Just prior to 1920 in Berlin, a group of young artists began to coalesce around the notion that a painting need not depict a subject - that perhaps a work of art could more directly and earnestly address a viewer through the arrangement of its formal elements. Among this group, which centered at the gallery Der Sturm, was a young baroness, studio-educated in Paris and mentored by Jean Arp, named Hildegard Rebay von Ehrenweisen, or as she was less formally known, Hilla Rebay. Rebay was the first among her contemporaries to move to the U.S., in 1927. In New York, she met Solomon Guggenheim, who commissioned her to paint his portrait in 1928. As he sat for the painting in her studio, Guggenheim learned Rebay’s thoughts on what had come to be known as Non-Objective Art - the new, lyrical, subjectless brand of abstraction that had not yet made it to American collections and museums. Guggenheim was fascinated, and with Rebay as an intermediary, he began to acquire all he could from the Berlin and Moscow non-objective abstractionists, and thus began the collection that would become the Museum of Non-Objective Art, the first iteration of the Guggenheim Foundation.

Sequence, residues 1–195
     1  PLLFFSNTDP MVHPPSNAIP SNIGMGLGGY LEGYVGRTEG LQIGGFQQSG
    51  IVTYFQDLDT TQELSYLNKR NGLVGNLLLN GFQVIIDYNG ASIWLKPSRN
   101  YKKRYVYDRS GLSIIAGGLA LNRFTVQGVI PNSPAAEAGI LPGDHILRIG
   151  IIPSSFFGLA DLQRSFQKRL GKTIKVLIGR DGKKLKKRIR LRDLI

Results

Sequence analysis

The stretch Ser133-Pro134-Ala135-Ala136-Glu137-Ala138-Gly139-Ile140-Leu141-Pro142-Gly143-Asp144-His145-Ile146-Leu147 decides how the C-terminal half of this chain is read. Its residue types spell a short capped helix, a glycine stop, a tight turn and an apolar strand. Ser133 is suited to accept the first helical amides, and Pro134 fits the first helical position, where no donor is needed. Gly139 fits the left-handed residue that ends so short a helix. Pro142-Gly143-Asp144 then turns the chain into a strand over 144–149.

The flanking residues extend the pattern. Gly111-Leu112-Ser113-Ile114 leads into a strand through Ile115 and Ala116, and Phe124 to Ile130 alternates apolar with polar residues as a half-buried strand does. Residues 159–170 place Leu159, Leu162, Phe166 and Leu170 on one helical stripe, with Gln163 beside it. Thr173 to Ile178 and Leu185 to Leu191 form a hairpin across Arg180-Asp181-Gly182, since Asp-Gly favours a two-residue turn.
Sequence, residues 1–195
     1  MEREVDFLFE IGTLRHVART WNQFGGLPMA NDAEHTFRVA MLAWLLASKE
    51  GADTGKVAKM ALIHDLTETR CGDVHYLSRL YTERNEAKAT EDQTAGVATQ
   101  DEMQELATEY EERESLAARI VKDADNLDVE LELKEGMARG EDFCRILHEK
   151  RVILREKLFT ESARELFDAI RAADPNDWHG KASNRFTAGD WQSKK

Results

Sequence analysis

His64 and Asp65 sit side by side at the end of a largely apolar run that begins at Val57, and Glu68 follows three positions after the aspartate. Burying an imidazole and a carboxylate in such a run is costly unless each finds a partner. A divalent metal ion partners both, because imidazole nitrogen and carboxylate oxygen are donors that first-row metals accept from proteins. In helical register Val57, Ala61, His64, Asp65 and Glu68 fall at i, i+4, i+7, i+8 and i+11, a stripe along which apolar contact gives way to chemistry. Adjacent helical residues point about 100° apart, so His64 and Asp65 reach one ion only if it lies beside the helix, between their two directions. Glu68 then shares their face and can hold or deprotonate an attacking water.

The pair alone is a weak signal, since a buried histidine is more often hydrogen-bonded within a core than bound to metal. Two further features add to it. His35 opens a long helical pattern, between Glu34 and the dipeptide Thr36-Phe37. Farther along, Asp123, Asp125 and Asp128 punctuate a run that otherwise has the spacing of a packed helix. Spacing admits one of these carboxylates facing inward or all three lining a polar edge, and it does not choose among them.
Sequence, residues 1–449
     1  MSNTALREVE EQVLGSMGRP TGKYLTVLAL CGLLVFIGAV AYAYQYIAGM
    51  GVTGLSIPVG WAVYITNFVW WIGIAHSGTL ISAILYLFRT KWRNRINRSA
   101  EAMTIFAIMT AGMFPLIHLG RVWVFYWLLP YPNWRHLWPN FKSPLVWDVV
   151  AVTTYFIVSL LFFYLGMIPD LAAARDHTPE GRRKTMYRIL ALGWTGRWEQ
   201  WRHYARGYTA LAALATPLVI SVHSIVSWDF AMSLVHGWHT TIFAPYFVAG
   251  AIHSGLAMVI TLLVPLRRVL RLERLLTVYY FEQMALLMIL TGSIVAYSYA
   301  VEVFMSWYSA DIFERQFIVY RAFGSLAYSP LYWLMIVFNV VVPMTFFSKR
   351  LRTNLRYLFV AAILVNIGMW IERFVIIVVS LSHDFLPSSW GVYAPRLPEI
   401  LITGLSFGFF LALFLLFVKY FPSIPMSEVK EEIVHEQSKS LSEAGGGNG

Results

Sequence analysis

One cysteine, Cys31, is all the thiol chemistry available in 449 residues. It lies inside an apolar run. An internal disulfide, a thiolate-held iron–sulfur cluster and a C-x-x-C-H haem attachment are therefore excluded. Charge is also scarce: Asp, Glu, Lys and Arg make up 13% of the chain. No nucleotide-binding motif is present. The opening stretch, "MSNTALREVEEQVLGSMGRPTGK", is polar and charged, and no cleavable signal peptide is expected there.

Hilla Rebay created large-scale, non-objective works in the decades that followed her immigration to the United States, and her style, gently colored with undulating lines and sparse, organic forms, is exemplary of the movement she championed.
While a skilled, educated, and prolific painter in her own right, Rebay is best known to history as the first director and curator of the Guggenheim Foundation, and the facilitator of enormous acquisitions by Solomon Guggenheim of works by her peers.